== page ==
‘It’s a Joke First, Game Two’: How the Cheerful Trombone Champion Spread | Toys

TRompon Champ, and Musical computer gamehas received more than 20,000 downloads since its release last week, and gameplay videos have gone viral across social media, featuring beloved songs destroyed by the terrible trombone run.

The game is like Guitar Hero, but with your mouse as a trombone. You move it up and down to simulate the slide, then tap to blow the horn. Your goal is to play alongside trombone classics such as Beethoven V, Hava Nagila and Take Me Out to the Ballgame.

The game is very much about joke – in fact, “it’s a joke first and game second,” says its creator, Dan Fichetto, “surprised and delighted” by the outpouring of enthusiasm. “I don’t know why there’s no more comedy in games, because games can be so funny.”

It is also very difficult. It’s harder than it sounds to align your cursor with the icons flying across the screen, especially since you can’t hold the mouse button down indefinitely – this will cause your character to gasp and breathe, gasping for breath. The game rates you on an AF scale, and I couldn’t manage better than a C. Playing my default trombone was reminiscent of listening to a third-grader concert rehearsal, and all the beeps, squawks, and unbeatable tones ruined flawless support. a path. The absolute fun of the game lies in how ridiculous this sound is.

Everything is framed by a Zelda-esque story: when you begin, you are informed by an important voice: “One day you will tear the fabric that binds this earth … But until that day comes, you must … plunge into the trombone, your brave soul, and perhaps become Trombone Champion.” There’s also a mysterious “baboon” mode that rewards a deeper investment in the game — a baboon is “a naturally funny word,” says Vequito — and “Demon” legends Players can summon it.

Fichetto, 38, is not a trombone player, although he is a musician. Instead, the idea for the game came about after he was struck by a mental image of an arcade game cabinet featuring a rubber trombone, where people would “roam” trying to compose music, and “it would always sound bad.” Later, he decided to simulate the movements of a trombone with a mouse.

He made the game largely alone, with his wife, Jackie Fichetto, the artistic contributor and one of his favorite musicians, Max Tundra, add a music track (most music is public domain material). It was believed that the project would take six months. Instead, it took four years – although that involved working around his day job as a UX/UI web designer, “and then of course Covid slows that down too. Half of 2020 has been a wash.”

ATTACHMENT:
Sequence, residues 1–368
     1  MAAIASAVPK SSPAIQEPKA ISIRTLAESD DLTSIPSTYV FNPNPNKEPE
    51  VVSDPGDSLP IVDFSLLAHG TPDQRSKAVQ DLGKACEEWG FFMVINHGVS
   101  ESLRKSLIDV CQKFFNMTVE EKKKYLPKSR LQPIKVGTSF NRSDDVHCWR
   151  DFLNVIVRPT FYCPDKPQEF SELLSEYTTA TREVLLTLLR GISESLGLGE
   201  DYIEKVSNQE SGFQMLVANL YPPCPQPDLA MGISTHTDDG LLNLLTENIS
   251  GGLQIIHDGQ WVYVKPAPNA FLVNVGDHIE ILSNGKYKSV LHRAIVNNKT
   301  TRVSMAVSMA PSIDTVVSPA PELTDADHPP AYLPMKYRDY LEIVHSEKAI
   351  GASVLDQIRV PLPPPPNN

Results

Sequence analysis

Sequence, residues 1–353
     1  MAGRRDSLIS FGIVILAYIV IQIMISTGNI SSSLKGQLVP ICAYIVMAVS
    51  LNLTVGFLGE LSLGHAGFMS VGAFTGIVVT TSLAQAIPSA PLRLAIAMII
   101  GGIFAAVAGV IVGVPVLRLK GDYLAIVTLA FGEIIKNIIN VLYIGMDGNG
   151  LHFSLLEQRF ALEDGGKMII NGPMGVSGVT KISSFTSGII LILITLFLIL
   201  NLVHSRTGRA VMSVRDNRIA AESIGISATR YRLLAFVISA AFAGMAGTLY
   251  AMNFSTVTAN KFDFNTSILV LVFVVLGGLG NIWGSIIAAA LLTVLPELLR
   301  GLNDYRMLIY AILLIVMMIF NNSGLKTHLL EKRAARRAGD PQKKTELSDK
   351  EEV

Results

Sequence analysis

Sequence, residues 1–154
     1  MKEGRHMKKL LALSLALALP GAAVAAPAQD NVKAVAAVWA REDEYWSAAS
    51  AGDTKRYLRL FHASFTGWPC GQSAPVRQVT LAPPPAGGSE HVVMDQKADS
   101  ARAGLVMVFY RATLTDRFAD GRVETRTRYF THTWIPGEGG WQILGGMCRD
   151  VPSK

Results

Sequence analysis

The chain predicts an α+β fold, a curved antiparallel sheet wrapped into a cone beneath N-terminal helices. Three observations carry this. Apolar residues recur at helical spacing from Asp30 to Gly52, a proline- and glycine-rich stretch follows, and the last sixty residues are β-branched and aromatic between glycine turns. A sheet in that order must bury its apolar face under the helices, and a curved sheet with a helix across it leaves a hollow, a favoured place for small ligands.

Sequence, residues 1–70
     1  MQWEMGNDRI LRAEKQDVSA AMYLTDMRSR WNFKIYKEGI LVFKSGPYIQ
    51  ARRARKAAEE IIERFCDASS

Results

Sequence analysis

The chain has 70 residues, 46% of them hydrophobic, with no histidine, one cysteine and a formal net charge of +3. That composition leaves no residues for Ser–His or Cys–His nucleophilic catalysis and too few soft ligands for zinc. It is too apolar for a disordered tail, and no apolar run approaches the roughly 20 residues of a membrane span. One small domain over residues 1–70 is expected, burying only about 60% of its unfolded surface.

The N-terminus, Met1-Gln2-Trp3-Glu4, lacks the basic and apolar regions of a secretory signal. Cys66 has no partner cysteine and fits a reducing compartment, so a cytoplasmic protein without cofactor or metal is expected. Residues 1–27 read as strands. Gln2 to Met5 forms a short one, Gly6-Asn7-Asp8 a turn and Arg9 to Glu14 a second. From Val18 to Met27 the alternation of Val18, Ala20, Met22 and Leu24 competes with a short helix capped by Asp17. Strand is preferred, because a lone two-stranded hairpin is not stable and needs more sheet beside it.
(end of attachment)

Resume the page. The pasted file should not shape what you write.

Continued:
While working, he said, “I was kind of worried that other people wouldn’t understand it.” It seemed to him that “it would be rather difficult to sell a game if the concept was: you can’t do it well.”

He “certainly did not expect massive success.” Prior to Trombone Champ, Viquitos’s Holly Wow Studios had made a few games involving enthusiastic gamers, but the scale was “certainly small,” he says. It was “so unexpected that he really walks away from that small stature”.

“I’m glad the game made people laugh and make them happy.”

He hopes that success will allow him to devote more time to developing the game. He would like to create an arcade version of the game, in keeping with his original vision; Others suggested that it would work well in VR. He also plans to add more songs and create a Mac version of the game, which can currently only be played on PC.

Fichito was initially concerned about how the game would go with trombone players. It turned out that he had no reason to be afraid: they loved him. “I didn’t realize there was such a vibrant trombone streaming culture. There are like three different people who reached out to me who are top trombone players, which I didn’t know was a thing.”

In fact, Colin Wheeler of the International Trombone Association (ITA) – a 4,000-member community of trombone players in 74 countries – says, “It’s quite clear that this is the best game ever created.” She notes that the game was “meticulously timed” to mark the 50th anniversary of the ITA, which hopes to use the game for its celebrations, according to its CEO, Magnus Nilsson.

When asked via email how the game is similar to playing the trombone, Wheeler wrote, “If having the time of your life matters, it’s one.

“I recommend that everyone on the planet get the game and start training right away. I hope you won’t be able to resist the siren’s call — and you’ll find yourself maintaining an actual trombone too. Your best days will be around composing music,” she added.

“If this game brings you joy – and it will – why not add a trombone to your life?”

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